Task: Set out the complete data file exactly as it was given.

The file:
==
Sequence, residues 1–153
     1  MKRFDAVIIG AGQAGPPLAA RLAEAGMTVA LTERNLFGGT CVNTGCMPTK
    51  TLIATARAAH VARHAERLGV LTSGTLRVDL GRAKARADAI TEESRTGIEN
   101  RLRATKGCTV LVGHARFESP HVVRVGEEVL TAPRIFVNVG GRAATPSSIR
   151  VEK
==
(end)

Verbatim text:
Sequence, residues 1–153
     1  MKRFDAVIIG AGQAGPPLAA RLAEAGMTVA LTERNLFGGT CVNTGCMPTK
    51  TLIATARAAH VARHAERLGV LTSGTLRVDL GRAKARADAI TEESRTGIEN
   101  RLRATKGCTV LVGHARFESP HVVRVGEEVL TAPRIFVNVG GRAATPSSIR
   151  VEK